1. Education

High school band: from on geek to on fleek

Michael Miller, director of bands at Newsome High School, delivers instructions to the approximately 150 members of the school's Wolfpack Marching Band during rehearsal at Newsome High School on Thursday, November 17, 2016, in Lithia, Florida. On November 24, marching band will perform in the Macy's Day Parade, the only band from Florida to do so.
Michael Miller, director of bands at Newsome High School, delivers instructions to the approximately 150 members of the school's Wolfpack Marching Band during rehearsal at Newsome High School on Thursday, November 17, 2016, in Lithia, Florida. On November 24, marching band will perform in the Macy's Day Parade, the only band from Florida to do so.
Published Nov. 18, 2016


Times Correspondent

Never mind the high school star quarterback and head cheerleader destined to be crowned king and queen of the prom.

These days, some of the coolest kids on campus can be found playing a tuba or beating a snare drum on the football field during halftime.

Once considered the domain of dorks and geeks, students are now eager to be a part of their high school marching bands, according to Ted Hope, supervisor of secondary music for Hillsborough County schools.

"Bands are the 'in' thing now," said Hope who served as band director of Bloomingdale High School for 17 years before his appointment as music supervisor for the school district. "It's become very popular to join the band, especially at our larger high schools. Bands have become a social cliché onto themselves."

While membership in individual Hillsborough County high school marching bands has remained steady over the past 10 years (2,784 members in 2006 and 2,779 members in 2016), Hope said he has noticed a change in how band membership is perceived.

"I think there's a greater appreciation of these students," he said. "People realize that the geek stigma isn't accurate. Being a member of a marching band is a very physical activity. They're out there performing in 99-degree temperatures in full uniform while, in some cases, carrying heavy instruments."

The use of more contemporary music and choreography along with the opportunity to compete and perform around the country has also improved the cachet of band membership, said Michael Miller, director of bands at Newsome High School for four years.

"When I came to Newsome, we had 120 band members," Miller said. "Now we have 164. Playing more contemporary music appealing to larger audiences is one factor, but I think the reputation of our band program is a big draw as well."

Last year, the Newsome Wolfpack Marching Band was named American Regional Grand Champion during competition at the University of Delaware and has consistently earned superior ratings at the statewide Florida Bandmasters Association Music Performance Assessments.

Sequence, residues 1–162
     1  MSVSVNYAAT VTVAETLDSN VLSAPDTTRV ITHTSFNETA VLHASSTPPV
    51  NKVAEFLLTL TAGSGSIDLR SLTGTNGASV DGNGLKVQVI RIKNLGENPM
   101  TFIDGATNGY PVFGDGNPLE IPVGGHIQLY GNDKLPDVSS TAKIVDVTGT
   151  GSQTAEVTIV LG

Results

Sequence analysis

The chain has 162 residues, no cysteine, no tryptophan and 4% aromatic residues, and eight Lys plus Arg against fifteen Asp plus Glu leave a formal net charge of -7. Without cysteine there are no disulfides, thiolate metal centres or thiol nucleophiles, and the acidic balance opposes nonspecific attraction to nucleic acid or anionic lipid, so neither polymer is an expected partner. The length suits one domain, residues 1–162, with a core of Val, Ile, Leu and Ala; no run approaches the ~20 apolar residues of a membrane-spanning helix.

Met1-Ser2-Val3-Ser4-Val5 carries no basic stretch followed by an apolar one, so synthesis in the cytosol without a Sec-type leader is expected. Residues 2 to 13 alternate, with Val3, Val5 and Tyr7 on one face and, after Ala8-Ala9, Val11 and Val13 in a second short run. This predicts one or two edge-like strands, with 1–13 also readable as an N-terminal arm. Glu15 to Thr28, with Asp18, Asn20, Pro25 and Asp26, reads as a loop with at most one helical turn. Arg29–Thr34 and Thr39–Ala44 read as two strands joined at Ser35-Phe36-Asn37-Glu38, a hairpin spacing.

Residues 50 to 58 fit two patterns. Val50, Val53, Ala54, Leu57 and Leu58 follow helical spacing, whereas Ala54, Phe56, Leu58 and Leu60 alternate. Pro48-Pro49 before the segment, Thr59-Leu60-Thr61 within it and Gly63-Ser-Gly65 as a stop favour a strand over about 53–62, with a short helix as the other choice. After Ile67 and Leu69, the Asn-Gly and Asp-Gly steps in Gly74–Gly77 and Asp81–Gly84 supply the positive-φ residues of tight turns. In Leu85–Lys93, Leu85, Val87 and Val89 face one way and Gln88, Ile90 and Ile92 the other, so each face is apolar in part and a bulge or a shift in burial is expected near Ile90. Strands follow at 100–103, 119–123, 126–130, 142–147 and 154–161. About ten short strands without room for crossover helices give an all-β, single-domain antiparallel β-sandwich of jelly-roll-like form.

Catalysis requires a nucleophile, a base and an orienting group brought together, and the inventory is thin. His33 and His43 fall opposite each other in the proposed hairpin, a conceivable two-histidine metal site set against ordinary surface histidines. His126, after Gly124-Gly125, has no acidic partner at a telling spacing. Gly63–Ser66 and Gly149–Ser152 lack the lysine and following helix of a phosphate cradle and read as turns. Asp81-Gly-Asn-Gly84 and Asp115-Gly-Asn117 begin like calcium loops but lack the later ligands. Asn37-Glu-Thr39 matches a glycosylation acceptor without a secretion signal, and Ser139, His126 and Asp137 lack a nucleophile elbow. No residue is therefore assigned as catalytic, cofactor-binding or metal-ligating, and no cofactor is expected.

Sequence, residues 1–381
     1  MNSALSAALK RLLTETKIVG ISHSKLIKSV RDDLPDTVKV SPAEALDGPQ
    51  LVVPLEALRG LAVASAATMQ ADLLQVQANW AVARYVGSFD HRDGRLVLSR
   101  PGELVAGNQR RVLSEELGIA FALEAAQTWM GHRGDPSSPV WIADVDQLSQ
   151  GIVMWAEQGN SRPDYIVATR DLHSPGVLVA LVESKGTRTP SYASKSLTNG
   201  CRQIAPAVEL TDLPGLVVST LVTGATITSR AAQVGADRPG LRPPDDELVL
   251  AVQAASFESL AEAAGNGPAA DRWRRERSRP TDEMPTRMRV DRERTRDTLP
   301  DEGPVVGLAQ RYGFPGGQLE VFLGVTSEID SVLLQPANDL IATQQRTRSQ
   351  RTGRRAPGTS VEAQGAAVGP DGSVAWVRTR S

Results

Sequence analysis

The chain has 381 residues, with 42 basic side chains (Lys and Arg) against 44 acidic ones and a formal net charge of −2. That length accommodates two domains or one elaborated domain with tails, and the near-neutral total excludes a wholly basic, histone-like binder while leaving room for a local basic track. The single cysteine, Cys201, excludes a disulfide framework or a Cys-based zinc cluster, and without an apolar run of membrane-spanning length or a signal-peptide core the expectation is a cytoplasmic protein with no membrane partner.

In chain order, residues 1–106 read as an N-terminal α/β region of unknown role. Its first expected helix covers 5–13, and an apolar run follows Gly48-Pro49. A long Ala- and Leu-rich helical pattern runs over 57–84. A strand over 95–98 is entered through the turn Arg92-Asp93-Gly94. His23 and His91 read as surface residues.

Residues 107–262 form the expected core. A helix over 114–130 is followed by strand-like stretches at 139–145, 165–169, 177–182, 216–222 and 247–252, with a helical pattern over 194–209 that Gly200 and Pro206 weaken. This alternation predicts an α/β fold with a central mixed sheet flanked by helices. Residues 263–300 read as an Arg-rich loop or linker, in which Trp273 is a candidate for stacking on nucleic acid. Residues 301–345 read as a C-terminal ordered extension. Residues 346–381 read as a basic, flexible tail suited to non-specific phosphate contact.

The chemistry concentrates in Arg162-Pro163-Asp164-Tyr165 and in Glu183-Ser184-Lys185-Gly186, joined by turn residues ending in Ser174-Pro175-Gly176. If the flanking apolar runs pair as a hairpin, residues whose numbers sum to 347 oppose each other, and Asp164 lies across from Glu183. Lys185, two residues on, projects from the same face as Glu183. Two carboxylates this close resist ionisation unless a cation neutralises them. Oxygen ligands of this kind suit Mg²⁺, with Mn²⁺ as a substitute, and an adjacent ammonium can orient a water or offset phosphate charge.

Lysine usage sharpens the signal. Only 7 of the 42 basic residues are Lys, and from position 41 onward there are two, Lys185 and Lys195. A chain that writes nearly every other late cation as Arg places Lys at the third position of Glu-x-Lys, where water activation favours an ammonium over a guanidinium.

Miller believes those honors contributed to this year's invitation to participate in the Macy's Thanksgiving Day Parade in New York City. This will be Newsome's first appearance in the nationally televised parade.

"It's an incredible opportunity," said Zack Hoening, 14, who plays percussion in the Newsome band. "Not just any band is accepted to perform in front of a million people."

While Newsome band members prepare to head to New York City, members of the Durant High School marching band are busy raising funds for their own once-in-a-lifetime experience.

The 112-member Cougar Pride Marching Band, led by Bruce Hermann, is invited to perform in a ceremony commemorating the 75th anniversary of the attack on Pearl Harbor in Hawaii on Dec. 7.

"It's really exciting," said Durant band trumpet player Josh Green, 17. "It's definitely changed the way students view the marching band."

When it comes to extracurricular pursuits, Hillsborough County's marching band students are in good company.

Among celebrities who played in their high school marching bands, according to Music Times, an entertainment website, are actress Jennifer Garner, who played the saxophone; singer Gwen Stefani, a flute player; actors Samuel L. Jackson and Ewan McGregor, who favored the French horn; rapper Lil Wayne, who played cymbals; and rocker Steven Tyler, who honed his musical skills as a trumpet player in his school band.

"I think the image of marching bands has changed a lot over the years," said Newsome High School drum corps member John Garzon-Ferrer, 18. "Bands are really being promoted and put out there with television shows like Clash of the Corps hosted by Dewayne 'The Rock' Johnson on Fuse. It's really elevated the status of marching bands."

Now in his fourth year with the Newsome band, Garzon-Ferrer said being a band member has become the focal point of his high school social life.

"Everybody in the band loves being there, and we've all become very close," he said. "It's been a great high school experience."

Beyond the social aspects of band membership, Hope noted that participating in a high school band has academic advantages.

"It's been shown that band members score higher on standardized tests," he said.

According to the College Entrance Examination Board, students who participate in music perform 57 points higher on the verbal portion of the SAT test and 43 points higher in math.

And when it comes time to apply for colleges, Hope said band participation plays a big role.

"The work ethic, commitment and responsibility that students learn in band carries a lot of weight with colleges," he said.

"Colleges recognize that it takes a lot of work and commitment to be in a band," said Ryan Koons, a Newsome senior who serves as drum chairman. "It's definitely an experience I'd recommend."

Contact D'Ann Lawrence White at


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